New development’s mosaic design helping reshape the city

TC Media
Published on July 2, 2014

Trina Burden believes in the city of Corner Brook.

Her career has been testament of that. She was the city’s business resource manager before taking on the role of publisher of The Western Star. Her next project really shows her interest in developing and growing the city.

Brook Construction, her father Ted Burden’s business, has certainly been instrumental in many city developments — including both the new academic building and atrium at Grenfell Campus of Memorial University, the renovated Corner Brook Regional High and the dementia units.

Trina Burden has expanded the business, creating a sister company called Sleepy Cove Developments. This contractor will develop the 55-lot subdivision off Wheeler’s Road and Corporal Pinksen Memorial Drive, to be known as Discovery Ridge. It will be a new venture for Brook Construction, the first time it will delve into residential development.

She is excited about the development — for its concept and its future, but also for what it will mean to Corner Brook to undergo its first major residential development in quite some time.

Burden once lived in a condominium in a Toronto neighbourhood resembling the vision she has for Discovery Ridge. Across from the condo  where she resided were townhouses and there were single homes on a side street.

“I want it to be successful, because I believe in it,” she said. “I believe in it for the city, personally, and I believe in it professionally, obviously.”

That was the attraction for Burden — the mixed density formula. The 20-acre lot has the capacity for 75 units in homes, semi-detached, and townhouses and another 94 units with condominium and apartment buildings. It is a five-year development plan that is expected to see the creation of a street off the lower part of Wheeler’s Road, connecting to Corporal Pinksen Memorial Drive, this construction season. That first year is expected to see at least five single houses and four semi-detached units or townhouses developed.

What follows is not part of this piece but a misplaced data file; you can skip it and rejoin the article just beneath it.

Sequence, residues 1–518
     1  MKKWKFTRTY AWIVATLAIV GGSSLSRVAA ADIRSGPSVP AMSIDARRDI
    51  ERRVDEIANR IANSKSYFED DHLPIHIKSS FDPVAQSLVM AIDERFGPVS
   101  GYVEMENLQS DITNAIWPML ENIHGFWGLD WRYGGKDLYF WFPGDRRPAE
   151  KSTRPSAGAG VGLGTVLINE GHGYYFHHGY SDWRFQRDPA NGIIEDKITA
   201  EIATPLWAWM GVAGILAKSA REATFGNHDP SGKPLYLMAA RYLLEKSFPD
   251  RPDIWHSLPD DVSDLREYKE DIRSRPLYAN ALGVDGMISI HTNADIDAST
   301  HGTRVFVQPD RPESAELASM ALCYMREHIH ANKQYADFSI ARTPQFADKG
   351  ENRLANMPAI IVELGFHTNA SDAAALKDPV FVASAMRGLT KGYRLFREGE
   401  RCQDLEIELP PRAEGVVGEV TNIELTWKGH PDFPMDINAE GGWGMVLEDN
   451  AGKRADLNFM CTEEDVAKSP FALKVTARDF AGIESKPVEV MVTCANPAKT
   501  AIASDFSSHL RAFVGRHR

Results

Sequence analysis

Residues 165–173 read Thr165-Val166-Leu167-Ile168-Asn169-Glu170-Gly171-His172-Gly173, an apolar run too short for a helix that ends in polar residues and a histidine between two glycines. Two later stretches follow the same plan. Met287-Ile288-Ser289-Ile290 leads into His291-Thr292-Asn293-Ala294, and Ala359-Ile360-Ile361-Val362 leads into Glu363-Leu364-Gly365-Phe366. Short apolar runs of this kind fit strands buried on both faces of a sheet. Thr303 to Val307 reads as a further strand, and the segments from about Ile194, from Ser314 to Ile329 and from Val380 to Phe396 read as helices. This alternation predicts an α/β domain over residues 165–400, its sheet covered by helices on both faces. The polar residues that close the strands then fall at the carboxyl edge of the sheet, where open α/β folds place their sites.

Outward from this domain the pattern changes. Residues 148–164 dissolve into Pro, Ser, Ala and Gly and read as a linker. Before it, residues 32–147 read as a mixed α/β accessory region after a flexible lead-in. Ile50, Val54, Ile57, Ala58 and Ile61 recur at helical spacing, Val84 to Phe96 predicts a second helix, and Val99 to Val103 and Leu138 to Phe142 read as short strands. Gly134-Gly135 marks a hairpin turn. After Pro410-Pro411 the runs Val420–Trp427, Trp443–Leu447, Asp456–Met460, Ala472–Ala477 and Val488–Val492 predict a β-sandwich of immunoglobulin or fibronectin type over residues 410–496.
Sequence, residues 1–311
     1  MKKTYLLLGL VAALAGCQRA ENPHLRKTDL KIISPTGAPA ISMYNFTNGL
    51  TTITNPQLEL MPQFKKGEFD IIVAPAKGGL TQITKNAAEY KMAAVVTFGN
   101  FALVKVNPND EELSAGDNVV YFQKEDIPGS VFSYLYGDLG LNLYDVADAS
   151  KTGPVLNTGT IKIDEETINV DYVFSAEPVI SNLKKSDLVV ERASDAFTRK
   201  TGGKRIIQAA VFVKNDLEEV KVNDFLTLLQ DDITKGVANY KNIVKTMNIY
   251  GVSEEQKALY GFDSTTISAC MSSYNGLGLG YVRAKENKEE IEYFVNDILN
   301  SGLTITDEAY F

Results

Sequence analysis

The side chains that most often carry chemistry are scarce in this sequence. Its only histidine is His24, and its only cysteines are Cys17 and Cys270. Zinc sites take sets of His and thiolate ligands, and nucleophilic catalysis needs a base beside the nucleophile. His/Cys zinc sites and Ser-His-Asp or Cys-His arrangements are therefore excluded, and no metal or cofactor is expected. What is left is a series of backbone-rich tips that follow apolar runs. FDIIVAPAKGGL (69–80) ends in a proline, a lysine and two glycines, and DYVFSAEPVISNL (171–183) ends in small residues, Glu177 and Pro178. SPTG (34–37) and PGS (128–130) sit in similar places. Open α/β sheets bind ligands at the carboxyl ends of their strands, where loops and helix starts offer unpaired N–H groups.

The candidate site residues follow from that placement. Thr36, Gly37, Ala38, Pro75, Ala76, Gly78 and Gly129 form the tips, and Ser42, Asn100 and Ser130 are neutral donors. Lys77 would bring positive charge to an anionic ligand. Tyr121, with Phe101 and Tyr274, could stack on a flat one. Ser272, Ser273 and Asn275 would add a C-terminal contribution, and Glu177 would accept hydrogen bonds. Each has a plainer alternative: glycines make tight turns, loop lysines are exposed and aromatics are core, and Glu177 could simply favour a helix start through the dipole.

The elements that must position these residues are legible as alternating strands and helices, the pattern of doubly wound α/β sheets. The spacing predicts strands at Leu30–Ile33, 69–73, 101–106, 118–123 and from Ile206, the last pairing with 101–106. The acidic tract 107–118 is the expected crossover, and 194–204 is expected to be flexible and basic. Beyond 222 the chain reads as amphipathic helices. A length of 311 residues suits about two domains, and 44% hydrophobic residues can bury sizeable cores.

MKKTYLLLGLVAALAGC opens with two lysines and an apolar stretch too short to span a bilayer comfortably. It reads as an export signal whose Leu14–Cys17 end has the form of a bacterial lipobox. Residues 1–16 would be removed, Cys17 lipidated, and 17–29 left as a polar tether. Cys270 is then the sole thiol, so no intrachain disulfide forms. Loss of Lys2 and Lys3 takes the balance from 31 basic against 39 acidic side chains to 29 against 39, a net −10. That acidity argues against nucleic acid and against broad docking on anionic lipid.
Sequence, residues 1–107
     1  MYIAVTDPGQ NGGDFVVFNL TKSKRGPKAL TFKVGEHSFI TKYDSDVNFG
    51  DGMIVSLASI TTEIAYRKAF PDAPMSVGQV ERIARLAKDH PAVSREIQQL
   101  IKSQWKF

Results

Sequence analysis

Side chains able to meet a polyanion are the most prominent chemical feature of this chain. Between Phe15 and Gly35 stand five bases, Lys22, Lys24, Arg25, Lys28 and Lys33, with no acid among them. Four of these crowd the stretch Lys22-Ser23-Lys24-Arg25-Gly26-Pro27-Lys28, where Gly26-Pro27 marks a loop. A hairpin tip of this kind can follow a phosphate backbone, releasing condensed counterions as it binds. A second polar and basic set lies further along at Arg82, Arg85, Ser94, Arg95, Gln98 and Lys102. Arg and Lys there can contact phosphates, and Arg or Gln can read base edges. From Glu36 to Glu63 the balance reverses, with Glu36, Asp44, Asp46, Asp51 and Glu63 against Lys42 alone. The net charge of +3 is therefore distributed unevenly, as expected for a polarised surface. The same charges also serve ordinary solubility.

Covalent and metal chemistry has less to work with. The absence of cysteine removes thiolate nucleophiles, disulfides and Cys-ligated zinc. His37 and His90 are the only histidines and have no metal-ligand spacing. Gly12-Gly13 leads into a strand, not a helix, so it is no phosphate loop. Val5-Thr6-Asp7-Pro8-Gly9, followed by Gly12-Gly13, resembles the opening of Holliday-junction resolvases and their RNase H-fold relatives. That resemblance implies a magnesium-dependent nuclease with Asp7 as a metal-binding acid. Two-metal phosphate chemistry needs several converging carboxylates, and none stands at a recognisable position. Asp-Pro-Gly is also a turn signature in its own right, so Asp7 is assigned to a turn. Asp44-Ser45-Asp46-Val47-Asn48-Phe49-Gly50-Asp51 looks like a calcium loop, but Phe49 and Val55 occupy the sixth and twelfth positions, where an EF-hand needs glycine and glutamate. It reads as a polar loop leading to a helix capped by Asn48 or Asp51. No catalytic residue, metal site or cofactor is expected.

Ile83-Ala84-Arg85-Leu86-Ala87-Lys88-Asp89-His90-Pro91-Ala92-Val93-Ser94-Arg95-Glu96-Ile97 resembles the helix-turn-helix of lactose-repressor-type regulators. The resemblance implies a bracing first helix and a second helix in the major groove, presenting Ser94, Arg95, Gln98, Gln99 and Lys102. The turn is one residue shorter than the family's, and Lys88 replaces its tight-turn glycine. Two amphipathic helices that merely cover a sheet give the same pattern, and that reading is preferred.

Burden said construction will start in the coming week or two, with much preparation completed as the land acquisition work was completed.

The development type can accommodate many people, but the location is obviously attractive to university and hospital staff — it being adjacent to the future hospital site staff. A condominium is an asset for many young professionals and retired people, while the semi-detached units are often less expensive alternatives for young families buying their first home.

Meeting a widespread market, in a city where housing is much needed, Burden is excited about the prospects and future of the development. She is feeling a sense of pride to be able to bring this to the city.

“Because there hasn’t been a lot of new homes in Corner Brook, people have went out farther to get that new home,” she said. “I think people will see this as a way to get closer to the city.”

Meanwhile, Corner Brook Mayor Charles Pender said the current council promised to get development in the city moving. He said there was a lot of work to get it to this stage, but it was a priority to make it happen.

With this mosaic design attempted for the first time in Corner Brook, the mayor is excited about a new type of community within the city. With expansions to Grenfell, the long-term care facility, and the future site of the new hospital in that area, it is a new outlook.

“We just see this as an opportunity for anybody — looking at what their level of income is and what type of housing they are looking for — to make this really accessible housing for a wide variety of people,” he said.

“We believe Corner Brook is a great place to live. It’s a viable community. We just need to make opportunities for be able to build a house here, buy a house here, and live in a great community.”